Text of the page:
Guest blog by Hannah Jones, Learning Assistant

It's oh, so quiet...

Now that summer has well and truly passed - rather too quickly for my liking - I now find myself reflecting on the busy season just gone. 

Because as well as being a rather brilliant nature reserve, Minsmere has been the place of mud, magic and memories for myself and many other (marginally younger!) nature enthusiasts this year. 

For the last 8 months I've been a part of a wonderful learning team who, along with some outstanding volunteers have helped deliver some of the most memorable days out for visiting groups. And if you're a regular to Minsmere, you may well have glimpsed us leading an enthusiastic rabble* in the wellies & school jumpers!

(*the collective noun for a group of children is an ingratitude or a chaos, but neither of these accurately describes our lovely school children) 

Muddy school children by Rahul Thanki (

Nature is the greatest teaching resource we have, and hey, it's got to beat sitting in a classroom, right? 


Pond dipping (aka: 'are we going swimming?!')

Pond dipping has been one of my favourite activities to run, and certainly one of the most exciting and hands-on for the children. Where better to learn about life cycles than to witness a damselfly emerging out of its exoskeleton in front of you? Or to spot the amazing adaptations of creatures making up freshwater food chains. 


Damselfly by Hannah Jones

At the pond children encounter completely alien species - dragonfly nymphs that can extend their jaws, water beetles who breathe through their bums (well, sort of...) and the architectural brilliance of a caddisfly nymph case.  

Usually after a few dips, a class is completely mesmerised by their new found underwater world. Reckon young people are too easily distracted? Watch the concentration as one tries to count the dozens of whirligigs spiralling around their tray.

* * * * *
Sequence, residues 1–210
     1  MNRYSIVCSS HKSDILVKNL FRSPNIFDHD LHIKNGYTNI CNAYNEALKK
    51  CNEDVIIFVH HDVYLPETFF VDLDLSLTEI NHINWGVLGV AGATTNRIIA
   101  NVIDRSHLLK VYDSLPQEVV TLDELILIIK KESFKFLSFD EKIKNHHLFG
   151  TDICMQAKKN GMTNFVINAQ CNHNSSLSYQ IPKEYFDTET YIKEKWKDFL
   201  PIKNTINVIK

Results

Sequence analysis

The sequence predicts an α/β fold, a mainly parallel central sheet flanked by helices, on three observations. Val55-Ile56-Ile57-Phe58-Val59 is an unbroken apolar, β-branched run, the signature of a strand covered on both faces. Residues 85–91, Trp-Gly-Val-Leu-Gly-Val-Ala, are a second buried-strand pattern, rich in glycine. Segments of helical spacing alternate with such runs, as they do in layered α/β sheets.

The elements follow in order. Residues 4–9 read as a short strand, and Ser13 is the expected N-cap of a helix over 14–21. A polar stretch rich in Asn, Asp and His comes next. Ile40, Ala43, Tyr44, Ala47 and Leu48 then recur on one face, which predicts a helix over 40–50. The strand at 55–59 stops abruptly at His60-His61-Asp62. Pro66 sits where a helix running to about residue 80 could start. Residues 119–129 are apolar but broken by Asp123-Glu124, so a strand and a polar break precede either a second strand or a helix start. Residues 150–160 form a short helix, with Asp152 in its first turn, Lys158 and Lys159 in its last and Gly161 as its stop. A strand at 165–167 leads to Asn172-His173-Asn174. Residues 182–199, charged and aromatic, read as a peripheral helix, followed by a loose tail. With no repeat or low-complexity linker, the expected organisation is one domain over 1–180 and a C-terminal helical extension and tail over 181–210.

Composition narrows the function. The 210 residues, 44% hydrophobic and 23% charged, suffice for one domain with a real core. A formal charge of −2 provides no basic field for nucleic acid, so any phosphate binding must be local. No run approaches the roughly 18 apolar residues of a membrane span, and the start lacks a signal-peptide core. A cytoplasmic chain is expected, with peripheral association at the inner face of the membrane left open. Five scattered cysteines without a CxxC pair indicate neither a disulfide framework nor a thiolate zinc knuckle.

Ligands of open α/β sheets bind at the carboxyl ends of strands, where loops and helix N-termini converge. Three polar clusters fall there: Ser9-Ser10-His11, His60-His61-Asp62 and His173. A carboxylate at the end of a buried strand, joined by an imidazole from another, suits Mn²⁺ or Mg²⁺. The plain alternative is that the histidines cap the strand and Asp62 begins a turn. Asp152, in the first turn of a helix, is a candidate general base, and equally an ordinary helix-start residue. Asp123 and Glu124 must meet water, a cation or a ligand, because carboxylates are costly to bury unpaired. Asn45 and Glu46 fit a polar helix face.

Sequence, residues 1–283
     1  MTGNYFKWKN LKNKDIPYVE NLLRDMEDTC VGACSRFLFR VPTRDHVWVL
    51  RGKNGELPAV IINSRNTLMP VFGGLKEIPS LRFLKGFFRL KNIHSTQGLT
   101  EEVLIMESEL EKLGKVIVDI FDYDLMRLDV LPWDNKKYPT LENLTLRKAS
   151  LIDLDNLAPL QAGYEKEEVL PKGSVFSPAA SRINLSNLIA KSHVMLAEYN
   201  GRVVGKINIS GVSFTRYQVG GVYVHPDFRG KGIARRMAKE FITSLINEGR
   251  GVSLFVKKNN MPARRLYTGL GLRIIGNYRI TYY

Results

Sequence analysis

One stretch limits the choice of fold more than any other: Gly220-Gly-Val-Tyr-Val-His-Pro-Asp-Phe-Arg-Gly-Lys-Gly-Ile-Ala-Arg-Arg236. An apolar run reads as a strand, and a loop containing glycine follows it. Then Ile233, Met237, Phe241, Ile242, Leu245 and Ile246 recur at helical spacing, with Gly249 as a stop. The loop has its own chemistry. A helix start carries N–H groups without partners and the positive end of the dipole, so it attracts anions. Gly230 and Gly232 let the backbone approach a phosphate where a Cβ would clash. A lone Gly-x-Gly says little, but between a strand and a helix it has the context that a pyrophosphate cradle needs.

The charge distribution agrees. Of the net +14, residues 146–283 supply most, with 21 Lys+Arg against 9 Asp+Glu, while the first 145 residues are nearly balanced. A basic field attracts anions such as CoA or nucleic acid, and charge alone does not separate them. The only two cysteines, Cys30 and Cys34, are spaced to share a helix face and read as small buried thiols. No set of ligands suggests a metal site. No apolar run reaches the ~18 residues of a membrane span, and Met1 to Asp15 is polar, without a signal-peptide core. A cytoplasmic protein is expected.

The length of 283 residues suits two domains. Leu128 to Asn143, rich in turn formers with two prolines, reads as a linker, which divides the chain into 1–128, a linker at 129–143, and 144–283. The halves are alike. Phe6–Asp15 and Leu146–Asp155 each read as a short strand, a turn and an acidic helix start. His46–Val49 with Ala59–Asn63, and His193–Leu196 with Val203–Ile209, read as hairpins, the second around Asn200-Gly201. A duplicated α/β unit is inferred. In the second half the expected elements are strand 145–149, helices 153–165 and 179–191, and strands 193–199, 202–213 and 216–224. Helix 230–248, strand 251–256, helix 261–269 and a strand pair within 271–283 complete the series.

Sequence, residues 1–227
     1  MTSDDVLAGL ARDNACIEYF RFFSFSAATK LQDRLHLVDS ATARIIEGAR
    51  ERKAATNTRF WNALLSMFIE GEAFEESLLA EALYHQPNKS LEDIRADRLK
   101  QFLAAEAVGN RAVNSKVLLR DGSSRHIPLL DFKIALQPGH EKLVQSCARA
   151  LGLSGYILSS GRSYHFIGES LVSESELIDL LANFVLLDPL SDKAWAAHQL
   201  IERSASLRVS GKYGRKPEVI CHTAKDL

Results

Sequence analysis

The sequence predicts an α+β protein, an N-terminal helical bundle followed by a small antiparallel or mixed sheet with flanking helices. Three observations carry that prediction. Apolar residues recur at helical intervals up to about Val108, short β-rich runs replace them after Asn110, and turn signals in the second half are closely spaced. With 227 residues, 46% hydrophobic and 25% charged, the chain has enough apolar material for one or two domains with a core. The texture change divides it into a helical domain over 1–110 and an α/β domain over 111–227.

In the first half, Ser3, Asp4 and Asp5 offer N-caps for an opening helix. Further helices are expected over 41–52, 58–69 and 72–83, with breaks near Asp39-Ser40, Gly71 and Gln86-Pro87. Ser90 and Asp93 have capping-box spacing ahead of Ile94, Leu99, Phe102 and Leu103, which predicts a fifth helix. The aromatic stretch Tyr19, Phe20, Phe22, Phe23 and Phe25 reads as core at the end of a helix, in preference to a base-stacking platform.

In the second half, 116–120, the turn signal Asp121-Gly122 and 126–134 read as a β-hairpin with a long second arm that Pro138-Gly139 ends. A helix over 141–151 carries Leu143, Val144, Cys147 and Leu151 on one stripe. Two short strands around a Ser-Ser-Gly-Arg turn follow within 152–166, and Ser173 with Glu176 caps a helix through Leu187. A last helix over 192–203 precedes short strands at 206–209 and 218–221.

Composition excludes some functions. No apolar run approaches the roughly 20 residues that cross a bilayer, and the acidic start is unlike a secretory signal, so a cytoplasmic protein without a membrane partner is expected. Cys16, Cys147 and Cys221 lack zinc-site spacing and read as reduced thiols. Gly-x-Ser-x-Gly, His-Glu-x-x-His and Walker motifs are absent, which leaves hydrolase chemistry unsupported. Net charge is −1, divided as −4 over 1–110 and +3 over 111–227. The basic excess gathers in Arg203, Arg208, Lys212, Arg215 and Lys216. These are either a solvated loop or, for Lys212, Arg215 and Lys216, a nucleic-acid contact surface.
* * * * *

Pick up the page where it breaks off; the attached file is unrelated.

Newts and other pond life by Hannah Jones  

It's a similar story above the water too. Bird sightings from Wildlife Lookout go through the roof when Year 4 come to visit - evidently there are bitterns and kingfishers flying all over the place! It must be their young keen eyes.

Escape to the country 

The Countryside Trust visits have been particularly eye-opening for me. These are kids who have little means of experiencing nature in their everyday lives, living in communities from some of the most deprived areas of London. For some, their day at Minsmere will be the first time they've seen the coastline, let alone stepped foot on a nature reserve. No pressure there then... 

Luckily for us though, the wilderness speaks for itself. When you're used to tower blocks and concrete jungles, it can be the simplest of encounters that can hold a lasting memory:

  • Watching an acrobatic squirrel scurry hurriedly up a tree.
  • Being brave enough to hold a spider for the very first time.
  • That cheeky magpie who tried to pinch your crisps.

 It's these encounters - common as they may be to us - which can ignite a spark of curiosity, enough to inspire someone to discover more about our world and how it's all connected. And isn't that brilliant?! 

Kids having fun in the woods by Nick Cunard ( 

And so in the winter months - much like other small furry things - the school children go into hibernation. As for me, I look forward to the day when visits happen all year round (there's no reason why they shouldn't, just pack a woolly hat instead of sun cream).

In the meantime, if anybody does have any influence over a small person, I would wholeheartedly encourage you to join them in turning off the computer (- in a minute!), donning your finest waterproof pants, and popping outside for a bit.

Build a den, look for bugs, get muddy, have a camp fire, climb trees.

Nature is exciting - all year round. And, let's face it, Christmas telly is not what it used to be.